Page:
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Hastings and Prince Edward Public Health

Pinworms, Roundworms, Hookworms


Enterobius vermicularis, also known as pinworms, is the most common worm infection in the world. It is most often found in children. It spreads very easily between children, especially among groups (e.g. daycares). Pinworms of animals are not spread to people. Pinworms are tiny, white, thread-like worms that live in the intestines of people. The worms crawl out of the anus at night and lay their eggs on the nearby skin. Symptoms of this infection include intense scratching in the anal area (especially at night), irritability and trouble sleeping. Severe scratching may also cause a skin infection. When an infected person scratches an itchy area, the eggs get stuck on the fingers and under the fingernails. The eggs can then be passed to other people on the hands or on objects touched. The eggs can live for several weeks outside the body. It is easy to treat pinworms–talk to your doctor or pharmacist for advice.


Ascaris lumbricoides is a large intestinal worm found in humans. This is a disease of particular risk to children between 3 and 8 years. The eggs are microscopic and can survive for several weeks in fecally contaminated soil. Children pick up the eggs on their fingers when they are playing. The eggs can then be transferred to the mouth by the child’s hand and are eventually swallowed. The eggs hatch into worms that migrate through the body into the lungs where they may cause symptoms such as wheezing, coughing, fever and pulmonary infiltration. The eggs can also be ingested by eating raw produce that has been contaminated with feces. This worm is not passed by person-to-person contact, only through ingestion of the infective eggs.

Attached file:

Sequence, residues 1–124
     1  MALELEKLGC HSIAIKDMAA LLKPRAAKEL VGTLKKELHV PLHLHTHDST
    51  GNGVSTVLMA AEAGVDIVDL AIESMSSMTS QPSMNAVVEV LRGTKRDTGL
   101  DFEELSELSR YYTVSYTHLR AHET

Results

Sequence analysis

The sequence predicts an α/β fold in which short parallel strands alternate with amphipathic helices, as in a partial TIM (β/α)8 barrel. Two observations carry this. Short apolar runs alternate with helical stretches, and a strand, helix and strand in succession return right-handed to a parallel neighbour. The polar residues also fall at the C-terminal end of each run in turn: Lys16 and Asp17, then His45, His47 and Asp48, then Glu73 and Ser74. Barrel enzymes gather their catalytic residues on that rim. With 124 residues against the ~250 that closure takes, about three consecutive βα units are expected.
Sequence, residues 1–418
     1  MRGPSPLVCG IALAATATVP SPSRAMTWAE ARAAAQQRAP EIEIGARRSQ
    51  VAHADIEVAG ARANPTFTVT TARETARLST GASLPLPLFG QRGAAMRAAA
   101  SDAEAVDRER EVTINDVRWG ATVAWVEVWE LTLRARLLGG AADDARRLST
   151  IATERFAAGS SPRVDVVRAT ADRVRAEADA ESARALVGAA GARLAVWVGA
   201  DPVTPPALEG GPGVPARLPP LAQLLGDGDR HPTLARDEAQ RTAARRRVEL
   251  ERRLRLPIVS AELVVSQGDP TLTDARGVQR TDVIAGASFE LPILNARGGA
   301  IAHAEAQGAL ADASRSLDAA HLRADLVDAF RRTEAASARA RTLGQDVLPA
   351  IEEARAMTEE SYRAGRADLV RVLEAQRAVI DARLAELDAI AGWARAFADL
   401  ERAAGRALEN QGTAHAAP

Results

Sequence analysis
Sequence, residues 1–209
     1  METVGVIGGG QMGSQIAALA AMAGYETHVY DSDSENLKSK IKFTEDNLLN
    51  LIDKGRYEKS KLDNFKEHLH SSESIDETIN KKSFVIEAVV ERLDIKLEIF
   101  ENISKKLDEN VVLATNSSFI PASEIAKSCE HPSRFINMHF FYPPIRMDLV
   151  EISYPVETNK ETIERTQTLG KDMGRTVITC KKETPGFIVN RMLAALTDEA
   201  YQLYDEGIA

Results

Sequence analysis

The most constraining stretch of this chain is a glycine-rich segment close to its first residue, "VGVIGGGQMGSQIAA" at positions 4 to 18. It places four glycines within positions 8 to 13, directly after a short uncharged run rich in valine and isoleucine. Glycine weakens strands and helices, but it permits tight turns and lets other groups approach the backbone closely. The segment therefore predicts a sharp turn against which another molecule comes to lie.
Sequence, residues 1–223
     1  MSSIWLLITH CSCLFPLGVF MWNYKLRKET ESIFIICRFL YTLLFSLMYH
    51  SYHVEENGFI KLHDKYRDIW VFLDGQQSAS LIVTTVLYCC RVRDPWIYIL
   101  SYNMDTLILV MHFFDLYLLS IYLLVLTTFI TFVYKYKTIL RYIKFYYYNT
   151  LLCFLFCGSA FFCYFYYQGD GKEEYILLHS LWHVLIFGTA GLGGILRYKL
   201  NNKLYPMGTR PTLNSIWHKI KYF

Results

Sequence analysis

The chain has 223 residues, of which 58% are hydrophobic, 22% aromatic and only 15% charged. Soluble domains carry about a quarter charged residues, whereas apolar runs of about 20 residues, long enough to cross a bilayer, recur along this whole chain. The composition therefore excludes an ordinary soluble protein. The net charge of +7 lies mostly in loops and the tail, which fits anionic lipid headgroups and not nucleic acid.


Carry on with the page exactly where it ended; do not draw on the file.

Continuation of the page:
Hookworms are found in humans, dogs and cats. It is more common in rural and tropical areas where sewage disposal practices might allow feces to contaminate the soil. The eggs will survive in loose, moist soil and hatch to the larval stage. The larvae then penetrate the skin, usually of the foot, producing dermatitis (“ground itch”). The larvae migrate through the bloodstream to the lungs, up the esophagus and are then swallowed into the intestine. The larvae may also be swallowed directly. Larvae become mature worms and lay thousands of eggs per day in the intestine. The infection is not passed from person to person. Tropical beach-goers are at greatest risk of acquiring this infection because their bare feet are exposed to soil. Children are also at risk of swallowing the larvae on unwashed hands that have been in contact with contaminated ground.

Adapted from Pinworms, Hookworms and Roundworms Fact Sheet, Feb 2000, Canadian Institute of Public Health Inspectors, by the CD Program, Hastings Prince Edward Public Health, March 2013.

Pinworms, Roundworms, Hookworms Fact Sheet printable pdf

Need More Information About Pinworms, Roundworms, Hookworms?

Talk to your health care provider or call our Communicable Disease Program at 613-966-5500 or 1-800-267-2803, ext. 349.

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